As we are now at the end of May, school is out and we are entering into summer. We hope that you had a meaningful and enjoyable Memorial Day weekend. The DFW markets are hot but flat. The spring and summer seasons are typically the hottest selling seasons compared to fall and winter. 2019 is no exception, however when comparing year over year numbers the markets are definitely slowing down. Prices were appreciating at sports car speed and now they are moving at “tractor pace”. When you live in the more rural parts of North Texas sometimes you get behind a tractor. You can’t pass and you wonder if you are moving at all. You can see the slowing pace of the YoY change in the median sales price for the month of April below.
Mortgage rates peaked in November and have been on the decline which has increased the number of refinances. Even with the lower rates, affordability becomes an issue as many buyers are becoming priced out of the market. Homes are staying on the market longer. The seller’s market is weakening and buyers are beginning to gain more leverage.
Median Sales Price
$315,000 | +0.6%
$339,000 | +3.4%
$250,000 | +2.8%
$240,000 | +2.1%
The median sales prices are just up slightly YoY- hence the “tractor pace”.
Median Price Per Square Foot
Denton County $140 | +1.4%
$139 | +0.7%
$140 | +5.3%
$124 | +4.2%
The price per square feet metrics are also showing nominal increases YoY.
Days on Market
Denton County 51 | +18.6%
59 | +25.5%
42 | +31.3%
38 | +15.2%
The average number of days on the market has increased YoY, forcing sellers to lower their prices in order to sell.
Months Supply of Inventory
Denton County 3.1 | +29.2%
3.5 | +29.6%
3.1 | +29.2%
2.1 | +10.5%
The supply is increasing moving us to a more balanced market. Supply is between 2 and 3.5 months.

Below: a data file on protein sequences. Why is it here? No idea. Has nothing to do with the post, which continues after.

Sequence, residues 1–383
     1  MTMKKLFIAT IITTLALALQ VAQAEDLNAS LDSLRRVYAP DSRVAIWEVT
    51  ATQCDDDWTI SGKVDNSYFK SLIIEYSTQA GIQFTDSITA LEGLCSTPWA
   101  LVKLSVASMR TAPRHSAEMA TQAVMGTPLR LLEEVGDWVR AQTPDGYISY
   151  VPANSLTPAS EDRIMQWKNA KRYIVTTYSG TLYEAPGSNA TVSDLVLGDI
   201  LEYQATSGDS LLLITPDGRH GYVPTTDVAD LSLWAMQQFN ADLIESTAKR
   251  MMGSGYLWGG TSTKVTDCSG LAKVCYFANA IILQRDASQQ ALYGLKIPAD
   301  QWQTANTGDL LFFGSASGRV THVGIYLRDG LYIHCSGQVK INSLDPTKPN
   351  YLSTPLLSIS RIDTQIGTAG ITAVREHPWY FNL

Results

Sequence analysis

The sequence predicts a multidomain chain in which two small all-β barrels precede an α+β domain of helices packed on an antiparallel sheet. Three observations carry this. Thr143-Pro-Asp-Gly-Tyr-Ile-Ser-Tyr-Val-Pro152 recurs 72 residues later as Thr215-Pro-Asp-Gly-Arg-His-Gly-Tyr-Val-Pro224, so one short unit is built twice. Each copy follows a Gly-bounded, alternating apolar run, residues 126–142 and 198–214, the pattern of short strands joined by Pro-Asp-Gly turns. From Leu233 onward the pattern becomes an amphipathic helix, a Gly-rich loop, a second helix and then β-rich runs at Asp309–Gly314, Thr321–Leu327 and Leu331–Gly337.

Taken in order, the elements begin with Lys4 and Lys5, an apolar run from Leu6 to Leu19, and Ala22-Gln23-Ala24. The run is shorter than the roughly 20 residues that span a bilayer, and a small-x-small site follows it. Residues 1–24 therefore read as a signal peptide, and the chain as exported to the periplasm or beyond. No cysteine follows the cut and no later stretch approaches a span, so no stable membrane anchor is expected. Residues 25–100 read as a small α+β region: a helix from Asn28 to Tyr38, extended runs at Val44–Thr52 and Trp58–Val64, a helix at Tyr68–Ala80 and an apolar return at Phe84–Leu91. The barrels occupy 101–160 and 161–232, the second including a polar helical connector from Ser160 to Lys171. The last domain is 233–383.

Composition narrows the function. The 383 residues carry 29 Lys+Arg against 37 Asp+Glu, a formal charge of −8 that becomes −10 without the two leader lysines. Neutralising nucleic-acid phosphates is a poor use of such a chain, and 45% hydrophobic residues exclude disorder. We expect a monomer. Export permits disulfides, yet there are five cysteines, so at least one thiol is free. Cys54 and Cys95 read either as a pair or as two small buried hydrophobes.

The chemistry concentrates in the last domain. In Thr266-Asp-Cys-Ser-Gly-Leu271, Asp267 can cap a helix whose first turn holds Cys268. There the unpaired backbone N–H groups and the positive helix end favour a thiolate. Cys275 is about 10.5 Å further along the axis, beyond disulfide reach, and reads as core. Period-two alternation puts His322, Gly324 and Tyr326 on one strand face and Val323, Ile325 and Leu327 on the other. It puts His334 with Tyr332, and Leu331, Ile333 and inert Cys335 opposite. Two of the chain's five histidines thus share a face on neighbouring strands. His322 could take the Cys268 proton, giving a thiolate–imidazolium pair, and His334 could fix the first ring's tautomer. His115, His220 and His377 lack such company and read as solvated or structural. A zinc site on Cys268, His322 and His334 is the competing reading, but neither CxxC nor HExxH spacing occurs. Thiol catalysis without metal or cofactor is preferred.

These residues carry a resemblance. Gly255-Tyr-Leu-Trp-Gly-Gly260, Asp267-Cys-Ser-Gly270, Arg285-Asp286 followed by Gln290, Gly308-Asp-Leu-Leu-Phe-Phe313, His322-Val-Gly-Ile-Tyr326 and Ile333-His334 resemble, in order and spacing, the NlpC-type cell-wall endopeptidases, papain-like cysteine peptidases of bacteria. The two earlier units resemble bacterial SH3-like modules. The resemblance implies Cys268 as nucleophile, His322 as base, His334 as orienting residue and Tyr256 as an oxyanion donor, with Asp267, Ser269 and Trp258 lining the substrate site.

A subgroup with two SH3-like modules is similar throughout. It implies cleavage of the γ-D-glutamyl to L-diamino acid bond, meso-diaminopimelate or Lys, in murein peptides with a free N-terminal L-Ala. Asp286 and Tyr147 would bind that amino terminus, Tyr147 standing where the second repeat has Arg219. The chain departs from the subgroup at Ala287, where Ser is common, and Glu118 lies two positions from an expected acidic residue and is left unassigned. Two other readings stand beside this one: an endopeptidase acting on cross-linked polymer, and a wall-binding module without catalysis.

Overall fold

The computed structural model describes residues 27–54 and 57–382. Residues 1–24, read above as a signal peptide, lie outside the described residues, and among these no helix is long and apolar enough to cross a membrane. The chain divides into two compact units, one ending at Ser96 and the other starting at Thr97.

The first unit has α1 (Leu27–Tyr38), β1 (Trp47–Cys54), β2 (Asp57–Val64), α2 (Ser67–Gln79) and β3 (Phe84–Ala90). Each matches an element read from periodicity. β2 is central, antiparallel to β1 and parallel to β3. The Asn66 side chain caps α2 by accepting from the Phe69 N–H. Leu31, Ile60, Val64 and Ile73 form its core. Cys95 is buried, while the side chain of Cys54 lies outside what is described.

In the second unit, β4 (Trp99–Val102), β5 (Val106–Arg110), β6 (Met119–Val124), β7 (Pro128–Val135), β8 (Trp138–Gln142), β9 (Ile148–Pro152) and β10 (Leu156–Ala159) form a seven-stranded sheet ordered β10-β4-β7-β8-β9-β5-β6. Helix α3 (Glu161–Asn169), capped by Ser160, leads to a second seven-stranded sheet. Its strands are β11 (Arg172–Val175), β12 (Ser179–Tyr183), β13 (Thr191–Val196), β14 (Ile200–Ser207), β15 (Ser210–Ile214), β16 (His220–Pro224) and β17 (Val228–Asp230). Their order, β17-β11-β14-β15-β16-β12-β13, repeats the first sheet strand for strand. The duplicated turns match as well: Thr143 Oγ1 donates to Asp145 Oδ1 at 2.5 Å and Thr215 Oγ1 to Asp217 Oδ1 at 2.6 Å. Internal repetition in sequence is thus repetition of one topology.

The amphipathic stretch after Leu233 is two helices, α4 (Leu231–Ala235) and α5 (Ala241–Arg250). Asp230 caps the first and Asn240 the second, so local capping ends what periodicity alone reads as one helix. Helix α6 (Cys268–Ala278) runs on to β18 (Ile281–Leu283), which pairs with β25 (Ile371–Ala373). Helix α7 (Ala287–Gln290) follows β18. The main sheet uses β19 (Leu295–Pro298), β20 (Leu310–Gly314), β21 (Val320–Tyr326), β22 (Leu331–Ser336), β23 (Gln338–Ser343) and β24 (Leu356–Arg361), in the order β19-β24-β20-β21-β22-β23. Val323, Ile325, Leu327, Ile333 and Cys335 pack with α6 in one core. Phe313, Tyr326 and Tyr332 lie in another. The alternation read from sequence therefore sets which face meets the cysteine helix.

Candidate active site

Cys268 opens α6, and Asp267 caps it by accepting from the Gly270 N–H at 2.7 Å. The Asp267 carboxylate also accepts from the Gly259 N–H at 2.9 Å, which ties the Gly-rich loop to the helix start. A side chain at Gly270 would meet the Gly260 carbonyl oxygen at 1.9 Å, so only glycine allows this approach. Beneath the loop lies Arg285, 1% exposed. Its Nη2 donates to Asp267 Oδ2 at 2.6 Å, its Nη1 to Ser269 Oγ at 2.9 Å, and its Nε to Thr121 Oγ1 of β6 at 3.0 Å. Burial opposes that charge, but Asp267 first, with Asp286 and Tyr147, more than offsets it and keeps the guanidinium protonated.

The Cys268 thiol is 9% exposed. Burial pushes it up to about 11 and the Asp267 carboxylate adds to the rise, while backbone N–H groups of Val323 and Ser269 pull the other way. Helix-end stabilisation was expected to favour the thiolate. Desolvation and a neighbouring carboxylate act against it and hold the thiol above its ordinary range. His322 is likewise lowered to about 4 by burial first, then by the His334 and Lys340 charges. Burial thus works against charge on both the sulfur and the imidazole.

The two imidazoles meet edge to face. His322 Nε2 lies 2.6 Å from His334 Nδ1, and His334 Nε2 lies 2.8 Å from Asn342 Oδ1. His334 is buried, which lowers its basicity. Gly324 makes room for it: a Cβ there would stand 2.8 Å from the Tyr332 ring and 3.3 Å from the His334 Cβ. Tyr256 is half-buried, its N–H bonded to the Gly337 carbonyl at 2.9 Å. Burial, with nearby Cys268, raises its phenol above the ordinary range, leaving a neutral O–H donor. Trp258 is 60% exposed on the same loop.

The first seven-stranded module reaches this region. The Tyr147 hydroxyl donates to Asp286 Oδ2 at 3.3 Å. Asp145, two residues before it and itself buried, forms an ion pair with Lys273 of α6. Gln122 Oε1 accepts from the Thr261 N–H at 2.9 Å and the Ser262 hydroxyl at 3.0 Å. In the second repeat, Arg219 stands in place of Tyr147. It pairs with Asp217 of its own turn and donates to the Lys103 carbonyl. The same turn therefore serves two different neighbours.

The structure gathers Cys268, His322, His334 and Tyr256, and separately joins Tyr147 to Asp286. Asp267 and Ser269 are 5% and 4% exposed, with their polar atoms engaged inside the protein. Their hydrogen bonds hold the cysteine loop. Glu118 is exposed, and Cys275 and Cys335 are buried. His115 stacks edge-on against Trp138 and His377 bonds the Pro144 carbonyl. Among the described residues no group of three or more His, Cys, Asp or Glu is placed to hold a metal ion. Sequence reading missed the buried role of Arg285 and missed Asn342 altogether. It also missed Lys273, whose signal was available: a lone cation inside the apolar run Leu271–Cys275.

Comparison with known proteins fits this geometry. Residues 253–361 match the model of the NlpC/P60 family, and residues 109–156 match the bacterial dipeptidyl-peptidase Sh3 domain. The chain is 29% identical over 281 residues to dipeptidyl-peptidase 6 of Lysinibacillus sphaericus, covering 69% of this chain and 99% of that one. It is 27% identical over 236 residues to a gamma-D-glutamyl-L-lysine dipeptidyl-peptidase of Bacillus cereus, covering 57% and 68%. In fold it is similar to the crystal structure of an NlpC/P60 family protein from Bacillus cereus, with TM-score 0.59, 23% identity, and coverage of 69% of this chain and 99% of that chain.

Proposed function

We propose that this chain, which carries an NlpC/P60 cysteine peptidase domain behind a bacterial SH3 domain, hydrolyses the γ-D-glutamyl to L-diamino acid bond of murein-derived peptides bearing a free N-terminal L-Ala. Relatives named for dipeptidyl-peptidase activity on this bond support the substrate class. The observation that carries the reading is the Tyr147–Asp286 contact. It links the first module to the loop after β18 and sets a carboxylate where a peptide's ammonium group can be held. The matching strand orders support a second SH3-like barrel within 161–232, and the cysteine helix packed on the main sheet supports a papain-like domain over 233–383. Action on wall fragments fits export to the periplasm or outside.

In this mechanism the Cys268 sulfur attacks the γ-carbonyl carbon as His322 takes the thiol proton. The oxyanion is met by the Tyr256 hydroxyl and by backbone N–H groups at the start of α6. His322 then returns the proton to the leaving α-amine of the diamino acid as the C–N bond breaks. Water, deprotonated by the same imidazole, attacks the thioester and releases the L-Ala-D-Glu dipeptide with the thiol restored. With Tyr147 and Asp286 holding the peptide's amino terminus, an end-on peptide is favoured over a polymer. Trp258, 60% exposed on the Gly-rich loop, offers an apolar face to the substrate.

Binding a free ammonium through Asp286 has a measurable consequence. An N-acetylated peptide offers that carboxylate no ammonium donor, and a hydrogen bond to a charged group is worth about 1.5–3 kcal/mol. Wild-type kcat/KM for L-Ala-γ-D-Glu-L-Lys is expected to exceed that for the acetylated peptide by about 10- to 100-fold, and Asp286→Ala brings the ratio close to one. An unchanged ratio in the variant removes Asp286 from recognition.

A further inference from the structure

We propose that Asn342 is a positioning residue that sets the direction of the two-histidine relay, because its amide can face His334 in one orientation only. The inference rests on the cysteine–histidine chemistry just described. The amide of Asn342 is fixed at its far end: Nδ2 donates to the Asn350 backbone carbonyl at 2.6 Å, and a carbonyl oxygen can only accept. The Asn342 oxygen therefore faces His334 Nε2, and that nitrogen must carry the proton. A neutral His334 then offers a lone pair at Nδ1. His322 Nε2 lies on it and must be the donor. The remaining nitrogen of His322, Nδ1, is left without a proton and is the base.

Volume – Number of Sales
Denton County 1,367 | +6.8%
1,503 | +4.9%
2,311 | +4.5%
2,476 | +5.2%
The number of sales for April is still strong and increasing in all four counties.
Check out our most recent blog post which is a guest post from Patrick Young. Do you know someone who is aging and might need some accommodations to their home? This post gives great tips on preparing your home as you age. If you would like to write a guest post for us, please email us at email@example.com.
This is our fourth year to participate in the Great Cycle Challenge for the month of June. We will ride 200 miles and are raising funds to help fight cancer. This year we are riding for our friend Mike who is in a very tough battle with esophageal cancer. We hate cancer and want to do what we can to help fight this disease. You can read more about our story and support our cause at with taxable donations to https://greatcyclechallenge.com/Riders/ShannonSlater
If you have questions or need appraisal services please contact us at www.dwslaterco.com.
Please note that the data above is from the NTREIS MLS database and Freddie Mac. Information is deemed reliable but not guaranteed. For appraisal services please contact us at www.dwslaterco.com.
This post is written by Patrick Young who has been a regular contributor to our blog. Patrick is an advocate for those with disabilities and writes important information pertaining to those with disabilities. This article focuses on preparing your home as you age. This speaks personally to me as we have been helping my grandmother through some transitionsas she ages.